marycrawford: 13 hour clock icon (yuletide iolaus)
My friendslist is full of posts about baking cookies and cobbler and things, and it's very festive and cheering. I thought I'd join in, because I made brownies today for the First Time Ever and they actually turned out pretty good; they fall apart a wee bit when you cut them, but they taste delicious, rich and squidgy and chocolatey.

Here's the recipe, from BBC cook Delia Smith, the most reassuringly reliable TV cooking person I know ("I'm always getting letters from people who think their brownies are not cooked", she says. Hee.) It uses four different types of nuts, but I just used 100g of walnuts instead, as I have a ton of those, and mmm, walnuts and chocolate just go together.

I don't really celebrate Christmas, but I am so excited about OMGWTFYULETIDE!! There's 920 stories lined up right now, and by tomorrow morning, we'll all be able to read them yay! (Note, time zones differ, but the archive is definitely opening on the 25th for most. You can always check the counter on the front page. *g*)

Everyone who wrote a story for the Yuletide challenge, or any of the other seasonal challenges: thank you, you rock! And those who went above and beyond the call and wrote pinch hits or stocking stuffers: thank you, you are fearless and made of awesome. [livejournal.com profile] astolat and [livejournal.com profile] elynross, who have cheerfully been putting in tons of work on this: GO YOU, and thank you so much. Wheeeee! Yuletide!

Experiment

Sep. 13th, 2006 03:55 pm
marycrawford: 13 hour clock icon (fingerpointing)
Bad news of the day: I am completely incapable of making fudge.

Good news of the day: I have just invented caramel syrup.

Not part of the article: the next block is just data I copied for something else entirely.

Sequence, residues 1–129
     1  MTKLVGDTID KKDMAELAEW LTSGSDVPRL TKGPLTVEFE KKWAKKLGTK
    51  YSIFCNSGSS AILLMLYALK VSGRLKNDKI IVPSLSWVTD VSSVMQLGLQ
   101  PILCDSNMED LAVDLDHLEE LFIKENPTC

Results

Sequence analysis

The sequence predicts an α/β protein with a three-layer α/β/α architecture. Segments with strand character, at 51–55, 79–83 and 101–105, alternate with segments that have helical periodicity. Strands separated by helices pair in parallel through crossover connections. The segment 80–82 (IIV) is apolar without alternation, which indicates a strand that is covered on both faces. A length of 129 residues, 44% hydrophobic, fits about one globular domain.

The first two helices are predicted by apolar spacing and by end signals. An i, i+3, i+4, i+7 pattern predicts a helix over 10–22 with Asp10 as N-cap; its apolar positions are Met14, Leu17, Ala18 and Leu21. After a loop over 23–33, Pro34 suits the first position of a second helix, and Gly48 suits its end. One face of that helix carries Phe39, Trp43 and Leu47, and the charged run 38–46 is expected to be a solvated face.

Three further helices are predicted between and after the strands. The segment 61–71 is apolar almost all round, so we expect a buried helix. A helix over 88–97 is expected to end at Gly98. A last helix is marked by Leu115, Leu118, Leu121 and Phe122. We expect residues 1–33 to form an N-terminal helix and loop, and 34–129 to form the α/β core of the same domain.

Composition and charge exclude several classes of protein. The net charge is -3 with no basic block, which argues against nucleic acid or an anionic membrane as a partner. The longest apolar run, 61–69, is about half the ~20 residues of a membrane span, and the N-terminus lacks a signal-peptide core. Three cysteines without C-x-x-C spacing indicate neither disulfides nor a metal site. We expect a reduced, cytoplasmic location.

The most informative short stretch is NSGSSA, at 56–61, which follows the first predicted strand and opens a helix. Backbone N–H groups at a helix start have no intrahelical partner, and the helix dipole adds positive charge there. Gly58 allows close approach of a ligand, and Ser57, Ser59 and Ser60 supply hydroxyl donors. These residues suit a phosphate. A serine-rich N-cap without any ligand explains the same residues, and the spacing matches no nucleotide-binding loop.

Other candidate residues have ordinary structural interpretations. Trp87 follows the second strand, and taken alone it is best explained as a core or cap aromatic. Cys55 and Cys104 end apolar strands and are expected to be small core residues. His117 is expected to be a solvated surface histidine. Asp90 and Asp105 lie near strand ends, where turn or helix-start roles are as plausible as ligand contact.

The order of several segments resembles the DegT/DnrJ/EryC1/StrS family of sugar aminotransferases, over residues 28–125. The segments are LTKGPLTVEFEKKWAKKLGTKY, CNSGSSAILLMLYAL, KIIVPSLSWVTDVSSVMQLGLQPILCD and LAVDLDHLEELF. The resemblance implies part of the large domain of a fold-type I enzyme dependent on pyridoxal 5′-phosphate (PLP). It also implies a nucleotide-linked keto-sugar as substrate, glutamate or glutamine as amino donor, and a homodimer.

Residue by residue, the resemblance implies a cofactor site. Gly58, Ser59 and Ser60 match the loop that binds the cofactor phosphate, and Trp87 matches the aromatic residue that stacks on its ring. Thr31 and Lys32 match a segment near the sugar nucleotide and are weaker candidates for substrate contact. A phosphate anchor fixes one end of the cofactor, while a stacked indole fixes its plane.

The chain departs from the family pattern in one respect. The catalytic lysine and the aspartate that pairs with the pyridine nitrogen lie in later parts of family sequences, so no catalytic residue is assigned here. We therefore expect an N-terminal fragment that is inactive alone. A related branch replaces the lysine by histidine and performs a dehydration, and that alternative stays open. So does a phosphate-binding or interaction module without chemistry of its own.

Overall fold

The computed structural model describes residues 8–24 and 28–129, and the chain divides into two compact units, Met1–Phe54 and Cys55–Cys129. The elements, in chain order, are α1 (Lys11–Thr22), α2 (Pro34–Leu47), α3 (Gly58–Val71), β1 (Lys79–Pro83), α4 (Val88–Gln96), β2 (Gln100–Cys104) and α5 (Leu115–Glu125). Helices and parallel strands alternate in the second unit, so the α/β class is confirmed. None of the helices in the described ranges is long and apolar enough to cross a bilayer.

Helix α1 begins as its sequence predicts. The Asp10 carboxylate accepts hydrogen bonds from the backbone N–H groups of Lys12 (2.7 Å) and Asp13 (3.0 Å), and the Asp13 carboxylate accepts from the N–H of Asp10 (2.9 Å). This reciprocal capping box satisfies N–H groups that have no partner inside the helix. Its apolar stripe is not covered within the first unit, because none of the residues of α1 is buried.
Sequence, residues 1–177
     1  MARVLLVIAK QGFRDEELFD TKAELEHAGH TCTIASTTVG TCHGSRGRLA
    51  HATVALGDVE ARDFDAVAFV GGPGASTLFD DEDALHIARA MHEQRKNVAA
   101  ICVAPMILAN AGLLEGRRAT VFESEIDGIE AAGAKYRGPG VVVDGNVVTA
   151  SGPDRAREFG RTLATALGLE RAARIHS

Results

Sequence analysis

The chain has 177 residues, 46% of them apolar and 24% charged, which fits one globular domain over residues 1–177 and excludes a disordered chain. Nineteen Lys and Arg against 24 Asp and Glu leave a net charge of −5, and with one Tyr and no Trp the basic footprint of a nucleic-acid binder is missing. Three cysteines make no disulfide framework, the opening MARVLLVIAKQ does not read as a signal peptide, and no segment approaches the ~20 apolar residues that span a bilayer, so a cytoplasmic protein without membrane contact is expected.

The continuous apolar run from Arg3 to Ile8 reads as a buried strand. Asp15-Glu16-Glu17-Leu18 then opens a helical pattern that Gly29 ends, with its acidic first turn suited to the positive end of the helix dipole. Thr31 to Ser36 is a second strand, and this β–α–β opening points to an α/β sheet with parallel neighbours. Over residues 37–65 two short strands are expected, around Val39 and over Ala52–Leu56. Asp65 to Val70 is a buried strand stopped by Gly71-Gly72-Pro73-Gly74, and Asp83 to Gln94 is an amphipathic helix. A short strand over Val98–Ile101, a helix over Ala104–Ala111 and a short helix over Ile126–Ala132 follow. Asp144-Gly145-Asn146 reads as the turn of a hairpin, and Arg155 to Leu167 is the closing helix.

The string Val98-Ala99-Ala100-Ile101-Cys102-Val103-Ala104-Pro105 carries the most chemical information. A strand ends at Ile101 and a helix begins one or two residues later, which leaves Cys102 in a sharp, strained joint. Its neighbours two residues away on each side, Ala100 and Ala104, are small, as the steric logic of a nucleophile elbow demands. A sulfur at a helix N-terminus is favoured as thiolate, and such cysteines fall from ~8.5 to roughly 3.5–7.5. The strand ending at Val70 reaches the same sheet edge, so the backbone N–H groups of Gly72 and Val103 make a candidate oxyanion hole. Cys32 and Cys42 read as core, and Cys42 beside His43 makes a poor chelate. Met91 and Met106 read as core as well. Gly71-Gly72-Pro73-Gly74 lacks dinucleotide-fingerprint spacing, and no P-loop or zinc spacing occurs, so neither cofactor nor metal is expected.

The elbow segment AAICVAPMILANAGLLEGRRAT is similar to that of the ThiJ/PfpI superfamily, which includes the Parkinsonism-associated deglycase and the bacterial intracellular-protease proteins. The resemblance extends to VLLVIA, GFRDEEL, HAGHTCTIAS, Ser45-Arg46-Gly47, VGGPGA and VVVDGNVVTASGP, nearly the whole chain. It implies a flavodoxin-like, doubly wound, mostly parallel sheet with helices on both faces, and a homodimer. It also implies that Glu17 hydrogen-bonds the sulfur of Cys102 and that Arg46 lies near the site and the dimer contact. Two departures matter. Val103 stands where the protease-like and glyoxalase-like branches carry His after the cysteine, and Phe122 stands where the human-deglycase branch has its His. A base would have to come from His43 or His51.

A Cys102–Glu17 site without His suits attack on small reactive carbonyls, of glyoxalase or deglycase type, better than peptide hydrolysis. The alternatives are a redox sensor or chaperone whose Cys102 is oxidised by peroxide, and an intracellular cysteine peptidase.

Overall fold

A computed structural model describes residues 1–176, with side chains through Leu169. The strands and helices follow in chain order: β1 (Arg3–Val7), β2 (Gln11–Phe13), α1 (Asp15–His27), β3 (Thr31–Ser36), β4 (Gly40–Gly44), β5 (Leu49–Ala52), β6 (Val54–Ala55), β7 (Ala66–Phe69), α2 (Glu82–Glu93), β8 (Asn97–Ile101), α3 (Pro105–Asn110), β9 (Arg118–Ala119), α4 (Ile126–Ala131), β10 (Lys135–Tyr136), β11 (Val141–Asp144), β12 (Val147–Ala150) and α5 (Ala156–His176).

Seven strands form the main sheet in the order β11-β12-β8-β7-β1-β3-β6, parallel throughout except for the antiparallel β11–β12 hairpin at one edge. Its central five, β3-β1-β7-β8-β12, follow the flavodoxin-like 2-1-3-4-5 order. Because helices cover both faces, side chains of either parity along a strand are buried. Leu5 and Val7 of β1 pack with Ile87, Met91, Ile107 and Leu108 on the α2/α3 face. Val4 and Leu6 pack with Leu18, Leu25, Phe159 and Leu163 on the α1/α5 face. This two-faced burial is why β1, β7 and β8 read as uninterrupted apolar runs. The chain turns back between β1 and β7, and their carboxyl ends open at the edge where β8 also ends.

Mmm. *wanders off in search of icecream*
marycrawford: 13 hour clock icon (nicefishbylanning)
Somewhere in the past year, I discovered sushi. I love it so much that a once-a-month visit to my favourite small Japanese restaurant isn't enough, so in the weekends my SO and me often make maki ourselves.

(Maki are the long rolls that are usually cut into six or eight pieces; nigiri are the separate clumps of rice with nice cuts of fish on top. I like both, but nigiri are less easy to make, and we don't have enough variety of fresh fish to make it worthwhile.)

I thought it would be very difficult, but making maki is pretty easy. All you need are the right ingredients - rice vinegar, sushi rice, nori, really fresh fish and vegetables, and a bamboo mat to roll the maki on. Then, for eating it, you want some Japanese soy sauce, some wasabi and maybe some pickled ginger, just like in a restaurant.

Sushi pictures! )

My favorite recipe for how to make sushi rice and maki is in Dutch, but this one looks pretty good too.

Mmm.

Mar. 28th, 2005 01:15 pm
marycrawford: 13 hour clock icon (twankysmiles)
Made Eggs Benedict for breakfast today, following Delia's recipe. Delia Smith, if you've not heard of her, is a BBC TV cook who's very good at explaining how to make basic dishes as well as elaborate ones and staying calm no matter what. Me, I am very good at getting frustrated and bickering, so you can see that I need Delia in my life.

The Eggs Benedict worked out really well - we used fresh Turkish pide instead of toasted muffins, and while the poached eggs were a failure (probably because they were supermarket eggs and not fresh enough, or because I've never poached an egg in my life), we didn't care and just gently fried some instead. The bacon was fine and the foaming Hollandaise sauce...whoo. That looked just as it does in the picture, I swear, and tasted divine. And you can reheat it and even freeze the remainder, so we're going to do that and wait for asparagus season. Yum.

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